Chemistry 101 with Dr. Finnegan Week 7 10/3-10/7 Lectures #17,18,19
Chemistry 101 with Dr. Finnegan Week 7 10/3-10/7 Lectures #17,18,19 101
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This 7 page Class Notes was uploaded by Shannon Dooley on Saturday October 8, 2016. The Class Notes belongs to 101 at Washington State University taught by Michael Finnegan in Fall 2015. Since its upload, it has received 954 views. For similar materials see Chemistry in Chemistry at Washington State University.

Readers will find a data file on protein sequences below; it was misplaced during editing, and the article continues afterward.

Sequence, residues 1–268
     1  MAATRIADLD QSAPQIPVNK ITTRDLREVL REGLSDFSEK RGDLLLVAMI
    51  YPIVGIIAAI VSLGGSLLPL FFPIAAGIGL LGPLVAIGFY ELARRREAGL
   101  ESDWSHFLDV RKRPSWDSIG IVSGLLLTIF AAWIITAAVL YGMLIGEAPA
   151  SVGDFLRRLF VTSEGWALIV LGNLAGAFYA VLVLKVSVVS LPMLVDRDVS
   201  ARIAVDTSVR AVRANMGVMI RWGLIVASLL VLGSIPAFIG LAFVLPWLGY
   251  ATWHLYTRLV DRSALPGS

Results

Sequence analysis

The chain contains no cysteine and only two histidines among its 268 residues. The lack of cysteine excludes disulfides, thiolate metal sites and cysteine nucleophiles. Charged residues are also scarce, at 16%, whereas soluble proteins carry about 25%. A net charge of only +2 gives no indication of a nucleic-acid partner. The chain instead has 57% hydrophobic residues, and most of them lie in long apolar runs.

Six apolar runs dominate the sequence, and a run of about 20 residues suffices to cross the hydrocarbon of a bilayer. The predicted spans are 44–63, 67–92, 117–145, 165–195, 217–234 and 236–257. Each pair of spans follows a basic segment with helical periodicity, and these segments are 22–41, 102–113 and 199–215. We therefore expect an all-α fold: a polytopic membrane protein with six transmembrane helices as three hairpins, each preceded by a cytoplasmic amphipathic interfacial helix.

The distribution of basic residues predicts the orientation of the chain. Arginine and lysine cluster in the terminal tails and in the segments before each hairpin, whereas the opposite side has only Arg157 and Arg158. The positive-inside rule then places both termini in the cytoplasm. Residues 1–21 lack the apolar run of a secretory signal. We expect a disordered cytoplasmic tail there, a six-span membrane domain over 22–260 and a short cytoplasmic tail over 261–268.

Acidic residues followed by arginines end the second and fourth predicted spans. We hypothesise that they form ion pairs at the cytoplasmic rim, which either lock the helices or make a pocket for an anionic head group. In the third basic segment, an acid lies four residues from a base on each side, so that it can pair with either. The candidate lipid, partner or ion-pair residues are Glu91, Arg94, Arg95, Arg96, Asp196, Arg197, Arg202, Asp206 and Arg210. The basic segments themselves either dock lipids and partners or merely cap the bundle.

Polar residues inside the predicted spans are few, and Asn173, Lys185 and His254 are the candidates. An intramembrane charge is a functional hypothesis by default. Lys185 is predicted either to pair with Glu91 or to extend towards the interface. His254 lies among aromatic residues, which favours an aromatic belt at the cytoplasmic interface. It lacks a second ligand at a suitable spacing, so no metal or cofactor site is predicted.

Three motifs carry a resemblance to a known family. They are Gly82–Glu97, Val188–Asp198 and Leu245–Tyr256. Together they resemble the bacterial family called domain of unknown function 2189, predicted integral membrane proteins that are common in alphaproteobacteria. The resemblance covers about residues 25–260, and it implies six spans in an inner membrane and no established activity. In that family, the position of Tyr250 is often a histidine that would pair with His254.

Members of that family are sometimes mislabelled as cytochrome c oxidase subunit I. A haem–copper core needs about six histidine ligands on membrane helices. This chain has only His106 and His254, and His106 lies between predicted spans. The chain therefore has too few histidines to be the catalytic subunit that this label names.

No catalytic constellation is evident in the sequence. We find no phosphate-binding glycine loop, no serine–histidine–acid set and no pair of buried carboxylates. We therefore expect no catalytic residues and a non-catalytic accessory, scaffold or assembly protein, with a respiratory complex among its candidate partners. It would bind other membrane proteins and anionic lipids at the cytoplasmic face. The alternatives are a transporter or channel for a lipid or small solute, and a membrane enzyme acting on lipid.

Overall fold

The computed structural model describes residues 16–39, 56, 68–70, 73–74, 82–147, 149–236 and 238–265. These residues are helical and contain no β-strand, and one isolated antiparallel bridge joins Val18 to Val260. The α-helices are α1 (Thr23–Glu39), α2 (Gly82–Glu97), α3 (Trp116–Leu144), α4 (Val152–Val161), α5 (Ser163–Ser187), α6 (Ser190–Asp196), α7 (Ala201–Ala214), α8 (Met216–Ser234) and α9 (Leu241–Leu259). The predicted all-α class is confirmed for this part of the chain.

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Oxidationreduction (Redox) reactions: reactions that involve the transfer of electrons from one substance to another. o i.e the number of electrons assigned to each atom in the reactants change Oxidation the loss of electrons. (oxidation # goes up) Reduction the gain of electrons. (oxidation # goes down) o HELPFUL HINT: remember O.I.L. R.I.G Oxidation Is Loss, Reduction Is Gain Oxidation number: [oxidation state] a method of counting electrons and assigning them to atoms. Oxidation numbers (i.e. +2, 2) can look similar to charges (i.e. 2+, 2) . o Tell the difference: Charges are written as number then sign 2+, 3 Oxidation #s are written sign then number +2, 3 Oxidation Number (O#) Rules: 1. The oxidation number of an element (in pure form, i.e. Ni, K, Na, etc. by itself) is always 0. Practice examples: o Mg O# = 0 o Kr O# = 0 2. The oxidation number of a monatomic ion (i.e. Lithium ion or sulfur ion or Lead (II) ion) is its charge. Practice examples: o (Li) Lithium ion charge of 1+ O# = +1 o (S) Sulfur ion charge of 2 O# = 2 o (Pb) Lead (II) ion charge of 2+ O# = +2 3. The oxidation numbers in a molecule or polyatomic ion must add up to the overall charge To find the oxidation number of atoms in a molecule or polyatomic ion: 1) Draw the Lewis structure of the molecule or polyatomic ion: 2) Oxidation # (O#) = v – w v = the normal number of valence electrons for that atom (look at the periodic table group i.e. F has 7 valence electrons normally) w = the number of electrons around the atom in the compound or ion. Electrons in bonds belong to the more electronegative atom. (i.e. if two atoms are sharing electrons, you count the electrons as if the more electronegative atom had taken them H—O—H In this example, O is more electronegative, so you count the electrons in the bond (two electrons per bond) as if they are attached only to O. Therefore, Hydrogen, would not be counted as having any electrons in this molecule, because they have been “taken” by oxygen. Therefore In H2O, which has an overall charge of 0 H O# = VW V=1, W=0 O# = 10 O# = +1 O O# = VW V=6. W=8 O# = 68 O# = 2 Because there are 2 H and 1 O, you have +1 +1 – 2 which = 0, the overall charge of H2O. (You’ll remember from above that the O# in a molecule or polyatomic ion must add up to the overall charge of that molecule or ion) Identify the oxidation number for each element in the following substances: NH3, CO2, V2(SO4)3 NH3 Nv=5, w=8 O# = -3 Hv=1, w=0 O# = +1 (-3+1+1+1= 0) CO2 Cv=4, w=0 O# = +4 Ov=6, w=8 O# = -2 (+4 -2 -2 = 0) V2(SO4)3 V (charge 3+) O# = +3 SO4 Ov=6, w=8 O# = -2 Sv=6, w=0 O# = +6 (-2 -2 -2 -2 +6 = -2 overall charge of sulfate ) (+3 +3 -2 -2 -2 = 0) Remember: A reaction is a redox reaction if the oxidation number (O#) of any element changes in the course of the reaction. NOTE oxidizing agents and reducing agents MUST be reactants!!!! They are NEVER the products. Oxidizing agent: gains one or more electrons Causes oxidation Undergoes reduction Becomes more negative (less positive) Reducing agent: loses one or more electrons Causes reduction Undergoes oxidation Becomes more positive (less negative) Practice Examples: The combination reaction of aluminum and bromine 0 0 3+ 2Al + 3Br 22Al Br (s) 3 (I showed charges so that it is easier to see electron transfer) Al goes from 0 to 3+ charge, it lost 3 electrons(O.I.L.) Al is oxidized (the element that is oxidized, or loses electrons is the reducing agent) Al is reducing agent Br goes from 0 to – charge, it gains one electron (3 total for Br ) (R.I.G.) 3r is reduced (the element that is reduced, or gains electrons is the oxidizing agent) Br is the oxidized agent The decomposition of hydrogen peroxide **It is important to note that when you have two of the same elements (i.e. O=O) bonded together, half the electrons go the one, the other half to the other when counting for W. So O=O each has two lone pairs (4 electrons) plus there are two bonds (4 electrons) between them, half the shared electrons goes to one and half goes to the other, so each O gets 2 of the electrons that they share, and therefore the W in that case would be 6. 2H O2 (2 2H O (l)2+ O (g) 2 2H O# (V–W) 1–0 = +1 2O O# (V–W) 6–7= –1 2 2 2H O2 H O# 2 O O# (VW**) 6–6 = –2 O 2 O# = 0 So notice that on both sides, the H has a2O# of +1, therefore it neither oxidized nor reduced. But 2O (2 O# = –1) which was split between 2H O and O gained2electrons i2 H O 2 (OO# = –2) and lost electrons in O (O O# =20) and was therefore both oxidized and reduced. It was reduced in H O beca2se it gained electrons, and it was oxidized in O 2 because it lost electrons. Then again, remembering the rules, the reducing and oxidizing agents MUST be a reactant, therefore H O is the b2th2 he reducing and the oxidizing agent because it is the only reactant. The combustion (burning therefore a reaction with oxygen) of hexane: C H (l) 6 14 C H (l) + O (g) CO (g) + H O (g) 6 14 2 2 2 C 6 (14 C O# = 4–6 AND 4–7 = –2 AND –3** O 2 (is an element) charge of 0 so O# = 0 **observe that in the chain link of carbon, the two carbons on the end take 3 electrons from the hydrogens, while the carbons in the middle only are bonded to two hydrogens so they only take 2 electrons. That is why there are varying O#s for the carbons. CO 2C O# = 4 – 0 = +4 O 2 O# = 6–8 = –2 H 2 H O2 = 1–0 = +1 O O# = 6–8 = –2 C O# goes from –2 and –3 to +4 loses electrons and therefore is oxidized, reducing agent is C 6 14cause it is the reactant that contains C H O# remains +1 throughout reaction O O# goes from 0 to –2 gains electrons and is therefore reduced, oxidizing agent is O 2 because it is the reactant that contains O The reaction of zinc metal with hydrochloric acid. Zn (g) + 2H Cl (aq) H (g) + 2n Cl +2 2–1 All of the oxidation numbers in this equation are derived from the charge of the elements and ions, so no subtraction had to be done. Zn O# goes from 0 to +2 loses electrons and therefore is oxidized, reducing agent is Zn because that is the reactant that contains Zn H O# goes from +1 to 0 gains an electron and therefore is reduced, oxidizing agent is HCl because is the reactant that contains H Cl O# remains the same The reaction of aluminum metal and iron(III) oxide. 2Al (s) + Fe O 2(g) 3 Al O + 2Fe2+3 3–2 0 Al O# goes from 0 to +3 oxidized, reducing agent (2Al (s) the reactant that contains Al) Fe O# goes from +3 to 0 reduced, oxidizing agent (Fe O (g) the re2ct3 t that contains Fe) O O# remains the same Lecture #18 (10/5) & Lecture #19 (10/7) Which sample contains more atoms: 100.0 g of iron or 100.0 g of carbon? **Comparatively, which contains more objects, a 100 lbs of bowling balls or 100 lbs of golf balls? Golf balls obviously they are smaller so it takes more of them to make 100lbs Carbon has a smaller mass than iron so it takes MORE carbon atoms to make 100g than it takes iron atoms to make 100g. So the answer to the question above is carbon. The atomic weights are the average mass of atom of that element given in atomic mass units (amu). 1 amu = 1.66054x10 g this isn’t really important to remember What mass of iron would have the same number of atoms as 100.0 g of carbon? Well if we know that 100g of iron has LESS atoms than 100g of carbon we know that to get the same number of atoms, we will have to RAISE the number of atoms of iron, which will raise the mass. Therefore, we know that the mass should be greater than 100.0g 100.0gC × 55.85gFe =465.0gFe 12.01gC o conversion factor is the mass of Fe over the mass of C (g of C cancel out, leaving g of Fe) o in addition, note that the g of Fe are greater than 100.0 g, which is what was predicted above How many grams of iron have the same number of atoms as 12.01 g of carbon? 55.85g 12.01 is the atomic weight of C so we could do the equation : 55.85gFe 12.01gC× =55.85g Fe but the 12.01 g C just cancel out, so it’s a 12.01 gC lot simpler to just understand that the atomic weight of each element always has the same number of atoms How many atoms is that? 23 Remember its Avagadros number 6.022×10 atoms 23 6.022x10 atoms of any element has a mass equal to that element’s atomic weight in grams! That is a useful number. So useful that we give that number a name: the mole. Why give it a name? “a mole” is a lot easier to say and write than “6.022x1023". In other words One mole of any atom has a mass of that atoms atomic weight in grams. So for carbon 12.01g= 1mol, for Hydrogen 1.008g = 1mol, and so on What is the mass of one mole of magnesium? Lecture #18 (10/5) & Lecture #19 (10/7) 24.30g hint, it’s the atomic weight of that element in grams Another unit for the atomic weight is g/mole. What is the mass of 0.003500 mole of carbon? 0.003500 molC× 12.01 gC =0.042035gC 1mol C 0.04202g C (4 sig figs) Remember back to conversion factors: start with the number you have, in this case 0.003500mol C. Then you know you want to cancel mol C and end up with grams (mass), so you put mol C on the bottom of the fraction(to cancel), and g C on the top(to remain). So how do you know what numbers get assigned to the units of g C/ mol C? Well think about what you know. You know that 1 mol of any element is equal to that elements weight in grams. So 1 mol of C is equal to the weight of C, or, 12.01 g C. Insert the numbers next to the units of your fraction and do the math. The mol C cancel out leaving you with g C which is what the question was asking for (mass). molar mass: the mass of one mole of a compound is equal to the sum of the atomic weights of the component atoms. What is the mass of one mole of carbon monoxide? CO=12.01g+16.00 g=28.01g Add together the atomic weight of C and the atomic weight of O What is the molar mass of iron(III) oxide? Fe 2 =3 (55.85 )g+3 (16.00 =159.70g REMEMBER* use addition rules of sig figs (count the number of digits behind the decimal) when you calculate molar mass most of the time you will have 2 digits after the decimal What mass of carbon monoxide is required to react with 500.0g of iron(III) oxide: Fe2O 3(s) + 3 CO (g) 2 Fe (l) + 3 CO 2(g) 500gFe O × 1molFe O2 3 × 3molCO × 28.01gCO =263.1gCO 2 3 159.7gFe O2 3 1molFe O 2 3 1molCO There are three steps to answering a stoichiometry question: 1) Convert the mass you are given to moles. (by multiplying by the conversion of 1 mol of a substance / atomic weight of substance or vice a versa) 2) From the balanced equation, find the ratio of moles being used in the reaction use the coefficients in front of each element of compound to tell you the number of moles of that element in the reaction (i.e. in example above there is 1 mole of Fe O and 3 moles of CO) 2 3 3)Convert moles to mass (by multiplying by the conversion of 1 mol of a substance / atomic weight of substance or vice a versa) Lecture #18 (10/5) & Lecture #19 (10/7)